The Not-American Dream

Do other countries have national catchphrases?

China’s middle class has American-dream-style aspirations

Several recent news articles on the sluggish economy have noted that a central tenet of the “American Dream,” home ownership, may no longer be within reach. Some columnists, meanwhile, are taking the opportunity to argue that we shouldn’t associate the “American Dream” so strongly with buying a house or a condo. Do other countries have an equivalent of the American dream?

Not exactly.  America seems to be unique in having an internationally recognizable catchphrase that sums up its national ethos—the French don’t have a “rêve Français” and the Spanish don’t have a “sueño español.” The Explainer did come across some attempts to create taglines. U.K. Labour Party leader Ed Miliband coined the phrase “the British Promise”, meaning that each generation can and will do better than the last, but it hasn’t caught on. After the fall of the Soviet Union, both Boris Yeltsin, in 1996, and Vladimir Putin, in 1999, asked advisers to think up a “national idea” or a “Russian idea” to replace the outdated Soviet/Communist ideologies. But the search eventually turned into a bit of a joke, and the phrase never came to embody one particular notion. As discourse about China’s middle class grows, the term “Chinese Dream” has been bandied about by newspaper journalists and authors—but, again, the phrase isn’t anywhere near as pervasive or resonant as the American dream.

That said, the generic principle of the American dream—an identifiable vision of what it means to be middle class, and a path to achieving that—exists in some way in lots of different places. For example, in a book that plays off the American dream idea, called The European Dream, the author voices some sense of a European equivalent.  In the European Dream, community relationships are more important than individual autonomy, quality of life is more important than wealth accumulation, and the prevailing attitude is “work to live” not “live to work.”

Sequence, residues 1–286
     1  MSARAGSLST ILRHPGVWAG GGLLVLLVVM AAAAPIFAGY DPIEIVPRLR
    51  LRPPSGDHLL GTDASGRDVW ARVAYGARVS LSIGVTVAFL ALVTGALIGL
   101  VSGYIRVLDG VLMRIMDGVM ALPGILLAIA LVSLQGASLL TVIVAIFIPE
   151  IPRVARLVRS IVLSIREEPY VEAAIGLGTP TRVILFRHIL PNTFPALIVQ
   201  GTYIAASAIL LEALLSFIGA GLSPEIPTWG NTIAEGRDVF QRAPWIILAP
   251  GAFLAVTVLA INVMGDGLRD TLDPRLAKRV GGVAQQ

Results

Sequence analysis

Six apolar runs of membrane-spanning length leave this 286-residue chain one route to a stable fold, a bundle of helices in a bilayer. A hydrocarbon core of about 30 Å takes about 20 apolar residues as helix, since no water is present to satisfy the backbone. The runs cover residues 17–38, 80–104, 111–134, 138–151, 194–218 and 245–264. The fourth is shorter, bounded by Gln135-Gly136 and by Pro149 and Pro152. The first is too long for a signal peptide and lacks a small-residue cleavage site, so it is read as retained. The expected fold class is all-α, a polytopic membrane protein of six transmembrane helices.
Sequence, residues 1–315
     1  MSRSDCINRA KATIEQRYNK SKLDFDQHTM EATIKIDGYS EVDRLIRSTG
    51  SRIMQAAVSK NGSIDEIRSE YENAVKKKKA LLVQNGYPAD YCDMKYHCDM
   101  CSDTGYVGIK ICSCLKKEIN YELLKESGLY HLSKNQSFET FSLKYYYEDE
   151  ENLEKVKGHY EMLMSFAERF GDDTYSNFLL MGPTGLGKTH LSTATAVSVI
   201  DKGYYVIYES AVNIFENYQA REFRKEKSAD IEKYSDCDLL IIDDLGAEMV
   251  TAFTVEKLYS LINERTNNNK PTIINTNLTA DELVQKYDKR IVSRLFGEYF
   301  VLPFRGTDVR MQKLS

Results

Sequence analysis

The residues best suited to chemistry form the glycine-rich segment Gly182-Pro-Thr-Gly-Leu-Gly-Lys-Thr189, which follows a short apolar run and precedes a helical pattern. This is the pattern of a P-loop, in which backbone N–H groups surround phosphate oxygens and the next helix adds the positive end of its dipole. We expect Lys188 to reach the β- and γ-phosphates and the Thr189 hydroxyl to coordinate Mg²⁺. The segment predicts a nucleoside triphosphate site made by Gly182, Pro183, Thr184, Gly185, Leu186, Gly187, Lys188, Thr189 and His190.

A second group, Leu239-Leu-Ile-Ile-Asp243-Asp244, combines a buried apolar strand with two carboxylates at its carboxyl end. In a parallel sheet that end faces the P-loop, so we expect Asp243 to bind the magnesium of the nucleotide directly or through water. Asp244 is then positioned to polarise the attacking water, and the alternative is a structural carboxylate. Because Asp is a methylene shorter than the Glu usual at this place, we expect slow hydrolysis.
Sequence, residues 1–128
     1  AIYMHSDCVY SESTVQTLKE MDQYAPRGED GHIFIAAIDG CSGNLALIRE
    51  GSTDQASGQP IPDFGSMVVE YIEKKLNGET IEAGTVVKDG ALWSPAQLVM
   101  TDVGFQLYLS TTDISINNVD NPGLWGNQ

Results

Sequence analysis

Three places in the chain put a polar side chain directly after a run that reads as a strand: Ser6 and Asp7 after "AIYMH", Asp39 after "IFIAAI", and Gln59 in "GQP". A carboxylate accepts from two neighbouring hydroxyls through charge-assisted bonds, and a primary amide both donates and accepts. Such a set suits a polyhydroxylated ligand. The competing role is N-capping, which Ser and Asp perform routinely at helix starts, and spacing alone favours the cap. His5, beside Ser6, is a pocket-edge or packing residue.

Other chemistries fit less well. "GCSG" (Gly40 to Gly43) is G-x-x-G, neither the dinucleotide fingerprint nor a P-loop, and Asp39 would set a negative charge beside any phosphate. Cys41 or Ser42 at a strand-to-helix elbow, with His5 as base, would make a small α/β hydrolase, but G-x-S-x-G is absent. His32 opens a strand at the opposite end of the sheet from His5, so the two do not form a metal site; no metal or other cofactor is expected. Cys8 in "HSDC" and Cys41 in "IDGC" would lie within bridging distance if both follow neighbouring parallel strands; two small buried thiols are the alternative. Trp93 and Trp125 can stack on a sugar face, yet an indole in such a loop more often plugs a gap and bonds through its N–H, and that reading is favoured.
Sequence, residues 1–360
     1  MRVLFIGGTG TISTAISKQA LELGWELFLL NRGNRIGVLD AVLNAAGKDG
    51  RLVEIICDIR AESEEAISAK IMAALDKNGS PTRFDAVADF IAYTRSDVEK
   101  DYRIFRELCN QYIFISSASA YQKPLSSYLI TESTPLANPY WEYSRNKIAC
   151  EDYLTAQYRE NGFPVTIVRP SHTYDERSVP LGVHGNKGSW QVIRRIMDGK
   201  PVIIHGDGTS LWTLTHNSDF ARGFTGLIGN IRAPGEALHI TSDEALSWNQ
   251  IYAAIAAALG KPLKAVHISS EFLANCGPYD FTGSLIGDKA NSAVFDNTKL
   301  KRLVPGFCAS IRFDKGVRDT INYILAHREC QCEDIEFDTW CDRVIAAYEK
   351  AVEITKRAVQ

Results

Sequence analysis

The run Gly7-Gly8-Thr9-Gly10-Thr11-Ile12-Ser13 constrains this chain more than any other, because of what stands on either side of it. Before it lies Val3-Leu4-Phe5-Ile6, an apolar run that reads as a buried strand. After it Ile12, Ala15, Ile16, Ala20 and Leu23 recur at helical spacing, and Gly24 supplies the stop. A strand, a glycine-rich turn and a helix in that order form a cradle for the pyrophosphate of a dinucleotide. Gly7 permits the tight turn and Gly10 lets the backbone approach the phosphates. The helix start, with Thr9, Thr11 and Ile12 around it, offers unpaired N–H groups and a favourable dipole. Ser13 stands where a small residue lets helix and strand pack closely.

In Russia today, a sign that a person has arrived in the middle class is not home ownership (Russians actually have a rather complicated relationship with housing and mortgages) but the ability to travel abroad—a relic of all the years when Russia was a closed country. A 2009 novel about the corrupt world of Russian politics (supposedly written under a pen name by one of Putin’s aides) describes Moscow cocktail parties in which the first question people ask each other upon greeting is “So where have you traveled recently?” 

In China, as in the United States, urban middle class-ness entails owning a home and a car, as well as having access to education and travel.  When talking about home ownership, the Chinese sometimes refer to wanting an urban “oasis,” a term that connotes an apartment of one’s own decoration and appointed in a modern way. Such aspirations a step away from the more traditional Chinese national idea of a society in which everyone is comfortable but nobody is rich.

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Explainer thanks Jim Cullen, author of The American Dream: A Short History of an Idea That Shaped a Nation; Leela Fernandes of the University of Michigan; John Merriman of Yale University; Smitha Radhakrishnan of Wellesley College; Jeremy Rifkin, author of The European Dream: How Europe’s Vision of the Future Is Quietly Eclipsing the American Dream; Vladimir Shlapentokh of Michigan State University; and Cinzia Solari of University of Massachusetts Boston.